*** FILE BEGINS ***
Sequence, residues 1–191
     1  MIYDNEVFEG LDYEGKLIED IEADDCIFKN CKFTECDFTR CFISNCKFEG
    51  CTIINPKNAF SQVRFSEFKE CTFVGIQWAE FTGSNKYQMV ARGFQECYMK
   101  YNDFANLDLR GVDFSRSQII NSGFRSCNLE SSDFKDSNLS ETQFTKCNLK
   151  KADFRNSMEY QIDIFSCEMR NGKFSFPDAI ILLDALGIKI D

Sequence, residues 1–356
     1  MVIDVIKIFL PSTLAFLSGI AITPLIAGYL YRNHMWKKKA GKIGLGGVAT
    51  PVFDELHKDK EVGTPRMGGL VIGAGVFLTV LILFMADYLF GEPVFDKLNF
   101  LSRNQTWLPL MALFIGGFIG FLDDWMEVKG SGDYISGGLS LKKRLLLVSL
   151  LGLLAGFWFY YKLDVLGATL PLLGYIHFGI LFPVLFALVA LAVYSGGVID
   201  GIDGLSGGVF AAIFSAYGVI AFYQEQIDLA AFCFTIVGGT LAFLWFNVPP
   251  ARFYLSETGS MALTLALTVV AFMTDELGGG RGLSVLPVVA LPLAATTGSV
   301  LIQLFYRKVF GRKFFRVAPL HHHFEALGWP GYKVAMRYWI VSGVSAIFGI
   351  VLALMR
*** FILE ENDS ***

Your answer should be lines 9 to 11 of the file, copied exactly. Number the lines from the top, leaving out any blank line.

   101  LSRNQTWLPL MALFIGGFIG FLDDWMEVKG SGDYISGGLS LKKRLLLVSL
   151  LGLLAGFWFY YKLDVLGATL PLLGYIHFGI LFPVLFALVA LAVYSGGVID
   201  GIDGLSGGVF AAIFSAYGVI AFYQEQIDLA AFCFTIVGGT LAFLWFNVPP